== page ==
F vs the Franchises: Superhero Fatigue (Part 4b - In the Shadow of a Man Dressed As a Bat)

Click here for Part A of my Batman discussion, covering Nolan's Dark Knight Trilogy.

The Batman

With the partial exception of Tim Burton’s films, only Batman: The Animated Series and its successors/spin-offs in the DC Animated Universe really emphasized Batman’s intellect as much as his physical abilities. So of all the reasons to look forward to The Batman, it was Matt Reeves’ promise of leaning into Batman’s detective roots and delivering a neo-noir mystery, hinging on a plot by the uniquely cerebral Riddler, that excited me the most.

Unfortunately, Reeves and his co-writer Peter Craig utterly miss their mark by giving us a Batman whose detective work is always one step behind The Riddler’s manipulations. Their script knows it, too, first by having the Penguin mock Batman and Gordon for missing a clue (“Look at you two. World’s greatest detectives!”), then by having the Riddler express his disappointment that Batman didn’t figure out his master plan. By the time Batman, now suitably informed that there’s more detective work to be done, figures out The Riddler’s endgame, it’s too late. While he does prevent an assassination, the most he can do is help deal with the aftermath of massive city-wide destruction. The worst of it is that Batman never seems especially intelligent as a matter of character, never coming across as the intellectual genius that defines his usual portrayal. What’s unclear to me is the extent to which this characterization is intentional or accidental, especially since when we first see Gordon bringing Batman to a crime scene it very much recalls the way in which Scotland Yard Inspector Lestrade brings Sherlock Holmes into a case. The difference is that in Doyle’s stories, Holmes fully validates Lestrade’s need for assistance through assertive and superior demonstrations of observation and reasoning. In The Batman, the scenes are staged mostly for Batman to pick up an envelope left behind by the Riddler.

It’s a shame that the film botches its reason for existing so fundamentally, because in other respects it’s a terrific offering with a lot to commend it, including a more believable “realism” than Nolan’s trilogy. Apart from Paul Dano, whose stereotypical incel-serial-killer interpretation of the Riddler I didn’t like at all (give me the Animated Series’ Riddler, please), the cast and characterizations from Colin Ferrel’s Penguin to Zoë Kravitz’ Selina Kyle are compelling and distinct. Unlike Nolan’s bland metropolitan pastiche, Reeve’s Gotham is a suitably noir setting with a stylish character all its own. And the fact that Bruce Wayne’s personal journey leads him to conclude that Batman should be a symbol of hope to the people of Gotham, not just a symbol of fear and vengeance to its criminals, is a welcome take on a character that has otherwise been delivered so far with cynicism. Without establishing this early-career Batman as having the intellectual as well as physical talents – however yet to be honed to peak performance – to be the formidable hero he’s meant to be, the film’s strengths flounder and the film lays an unsatisfying foundation for future stories like the forthcoming sequel and the Penguin TV series spin-off.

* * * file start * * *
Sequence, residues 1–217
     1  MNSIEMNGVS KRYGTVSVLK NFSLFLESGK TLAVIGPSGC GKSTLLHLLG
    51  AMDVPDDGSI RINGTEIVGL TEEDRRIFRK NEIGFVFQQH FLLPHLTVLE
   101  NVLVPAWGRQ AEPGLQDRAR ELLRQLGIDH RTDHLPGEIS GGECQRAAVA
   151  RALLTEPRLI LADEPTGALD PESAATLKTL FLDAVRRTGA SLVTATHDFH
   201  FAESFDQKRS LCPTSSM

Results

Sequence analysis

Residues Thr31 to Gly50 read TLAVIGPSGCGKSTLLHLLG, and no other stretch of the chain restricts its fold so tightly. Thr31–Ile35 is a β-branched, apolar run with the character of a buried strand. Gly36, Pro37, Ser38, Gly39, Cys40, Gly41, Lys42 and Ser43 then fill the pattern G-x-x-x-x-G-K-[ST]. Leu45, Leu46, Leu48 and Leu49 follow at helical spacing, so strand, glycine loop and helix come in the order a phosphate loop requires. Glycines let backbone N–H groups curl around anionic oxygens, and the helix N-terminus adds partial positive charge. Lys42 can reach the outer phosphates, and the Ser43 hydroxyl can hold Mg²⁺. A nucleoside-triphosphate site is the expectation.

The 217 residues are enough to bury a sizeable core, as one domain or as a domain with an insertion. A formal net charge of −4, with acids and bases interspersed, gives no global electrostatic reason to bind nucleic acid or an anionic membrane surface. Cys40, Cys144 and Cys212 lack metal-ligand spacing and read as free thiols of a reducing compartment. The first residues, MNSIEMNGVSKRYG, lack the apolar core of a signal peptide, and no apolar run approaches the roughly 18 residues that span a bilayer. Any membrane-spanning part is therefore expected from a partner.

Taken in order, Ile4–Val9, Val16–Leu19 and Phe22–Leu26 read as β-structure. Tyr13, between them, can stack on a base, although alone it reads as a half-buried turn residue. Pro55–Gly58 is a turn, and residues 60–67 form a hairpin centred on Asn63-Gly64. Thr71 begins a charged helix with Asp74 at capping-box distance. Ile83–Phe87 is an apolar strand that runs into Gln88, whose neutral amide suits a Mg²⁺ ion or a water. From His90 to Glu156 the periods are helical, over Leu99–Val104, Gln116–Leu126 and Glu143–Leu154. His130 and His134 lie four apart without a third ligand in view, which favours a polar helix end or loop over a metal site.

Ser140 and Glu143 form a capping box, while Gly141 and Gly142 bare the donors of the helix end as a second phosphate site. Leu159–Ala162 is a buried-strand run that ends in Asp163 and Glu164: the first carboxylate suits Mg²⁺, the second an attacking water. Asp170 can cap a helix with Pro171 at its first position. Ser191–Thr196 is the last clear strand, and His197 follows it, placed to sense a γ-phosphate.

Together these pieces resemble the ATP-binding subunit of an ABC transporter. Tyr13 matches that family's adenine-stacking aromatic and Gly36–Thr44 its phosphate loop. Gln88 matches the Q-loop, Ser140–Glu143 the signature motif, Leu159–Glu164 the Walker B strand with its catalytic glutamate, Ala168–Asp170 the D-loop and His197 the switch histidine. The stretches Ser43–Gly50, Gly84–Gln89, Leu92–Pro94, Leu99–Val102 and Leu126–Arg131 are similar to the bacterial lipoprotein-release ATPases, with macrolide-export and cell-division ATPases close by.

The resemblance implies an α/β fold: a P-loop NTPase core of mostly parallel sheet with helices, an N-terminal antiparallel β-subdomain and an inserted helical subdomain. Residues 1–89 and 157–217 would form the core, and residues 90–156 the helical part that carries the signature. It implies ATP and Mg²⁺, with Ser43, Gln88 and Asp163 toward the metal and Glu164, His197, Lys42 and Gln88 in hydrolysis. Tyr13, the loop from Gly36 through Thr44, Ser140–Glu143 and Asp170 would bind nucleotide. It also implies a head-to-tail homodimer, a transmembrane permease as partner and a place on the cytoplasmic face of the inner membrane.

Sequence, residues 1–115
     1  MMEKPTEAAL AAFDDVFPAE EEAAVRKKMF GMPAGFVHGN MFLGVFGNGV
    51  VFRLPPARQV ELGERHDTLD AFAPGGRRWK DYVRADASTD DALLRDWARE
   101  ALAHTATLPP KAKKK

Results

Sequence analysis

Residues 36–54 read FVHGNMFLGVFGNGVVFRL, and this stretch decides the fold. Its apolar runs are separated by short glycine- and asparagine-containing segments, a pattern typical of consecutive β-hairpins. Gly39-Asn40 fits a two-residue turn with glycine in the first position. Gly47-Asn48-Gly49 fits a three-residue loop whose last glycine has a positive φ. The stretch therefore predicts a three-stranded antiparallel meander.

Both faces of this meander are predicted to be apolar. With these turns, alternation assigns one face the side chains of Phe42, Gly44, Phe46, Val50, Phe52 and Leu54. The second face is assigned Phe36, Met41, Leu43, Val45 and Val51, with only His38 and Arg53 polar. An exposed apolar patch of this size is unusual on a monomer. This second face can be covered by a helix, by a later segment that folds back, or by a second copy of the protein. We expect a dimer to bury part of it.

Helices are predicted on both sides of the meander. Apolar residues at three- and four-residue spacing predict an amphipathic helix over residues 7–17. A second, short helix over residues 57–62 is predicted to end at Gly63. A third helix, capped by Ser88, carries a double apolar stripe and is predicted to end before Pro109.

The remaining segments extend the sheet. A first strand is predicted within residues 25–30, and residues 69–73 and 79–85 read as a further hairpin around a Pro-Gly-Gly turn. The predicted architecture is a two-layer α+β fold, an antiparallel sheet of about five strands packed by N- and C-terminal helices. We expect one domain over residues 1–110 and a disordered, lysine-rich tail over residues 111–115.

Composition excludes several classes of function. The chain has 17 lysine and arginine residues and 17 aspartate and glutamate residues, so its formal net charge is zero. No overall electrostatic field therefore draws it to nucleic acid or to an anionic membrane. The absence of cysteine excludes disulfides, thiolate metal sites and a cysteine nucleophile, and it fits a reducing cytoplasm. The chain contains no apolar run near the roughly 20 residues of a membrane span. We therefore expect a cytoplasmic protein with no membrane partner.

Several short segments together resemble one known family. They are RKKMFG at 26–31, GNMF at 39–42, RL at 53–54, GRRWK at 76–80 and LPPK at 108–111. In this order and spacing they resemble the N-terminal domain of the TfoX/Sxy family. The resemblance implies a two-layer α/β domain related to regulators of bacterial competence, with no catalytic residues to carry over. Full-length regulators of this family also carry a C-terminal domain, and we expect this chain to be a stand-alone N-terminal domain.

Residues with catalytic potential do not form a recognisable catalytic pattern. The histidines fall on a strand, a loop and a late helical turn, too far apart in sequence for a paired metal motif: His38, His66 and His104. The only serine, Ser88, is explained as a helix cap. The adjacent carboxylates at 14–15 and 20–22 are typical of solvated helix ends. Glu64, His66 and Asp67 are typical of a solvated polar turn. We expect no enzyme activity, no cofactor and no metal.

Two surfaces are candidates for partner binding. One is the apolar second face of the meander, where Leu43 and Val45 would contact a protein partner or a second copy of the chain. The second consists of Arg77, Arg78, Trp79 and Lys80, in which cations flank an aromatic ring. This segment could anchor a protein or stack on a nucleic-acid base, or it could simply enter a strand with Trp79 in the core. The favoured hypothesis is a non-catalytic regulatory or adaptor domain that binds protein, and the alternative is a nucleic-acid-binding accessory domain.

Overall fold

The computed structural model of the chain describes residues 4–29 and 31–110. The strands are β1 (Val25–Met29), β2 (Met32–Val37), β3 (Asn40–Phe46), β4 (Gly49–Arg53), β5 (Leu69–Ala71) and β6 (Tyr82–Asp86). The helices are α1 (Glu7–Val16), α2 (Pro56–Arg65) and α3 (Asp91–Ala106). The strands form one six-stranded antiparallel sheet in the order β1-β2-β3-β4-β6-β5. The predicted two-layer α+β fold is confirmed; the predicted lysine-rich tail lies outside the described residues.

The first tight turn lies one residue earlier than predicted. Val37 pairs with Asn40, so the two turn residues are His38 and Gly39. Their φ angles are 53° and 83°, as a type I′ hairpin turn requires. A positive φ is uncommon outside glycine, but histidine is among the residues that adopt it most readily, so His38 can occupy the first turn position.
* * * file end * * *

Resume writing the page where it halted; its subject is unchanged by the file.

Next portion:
Batman: The Animated Series

With its blend of murder mystery, tragic romance, origin story, and study of justice versus revenge, Mask of the Phantasm is arguably the best Batman feature film in any medium. And the series that made it possible, Batman: The Animated Series, remains a seminal achievement in both television and comic book storytelling. While its gorgeous retro-futuristic art deco style make it eye-catching, it’s the focus on detective work along with surprisingly sympathetic, or at least nuanced, villains that make it stand out from the usual beat-em-up storytelling. The obvious example: Mr. Freeze’s characterization as a tragic rather than a sociopathic figure. As the transitioned into the DC Animated Universe (DCAU), however, the returns begin to diminish for me. It’s not a question of quality or even entertainment value; the DCAU ranges from good to excellent and I wouldn’t argue that there’s anything “bad” about it per se in the sense that if someone loves superhero comics, there’s no reason not to enjoy watching its many series. For me, however, as the episode count rises the more I’m pushed against the limits of what I’ll enjoy in superhero stories, especially as the DCAU succumbs to the conventions and tropes I don’t like in comics. When it comes to Justice League, that limit is my preference to leave Batman out of stories involving superpowers, alien invasions, and that sort of thing: Batman just makes more sense, and is more enjoyable to me, in the context of Gotham and crime. That brings me to Batman Beyond, which I find both entertaining and dissatisfying. Entertaining, in that it works as an action-thriller. Dissatisfying, in that the series relies too much on fantastical technology and its characterizations are made to service plots that invariably focus on giving Batman an endless supply of new and recurring antagonists. Characters tend to be less interesting for their personalities than for their gadgets or superhuman abilities, and that includes Terry McGuinness, who is only interesting as Batman insofar as he has a suit, Bruce Wayne whispering in his ear, and eventual revelation that he is Bruce’s genetic clone.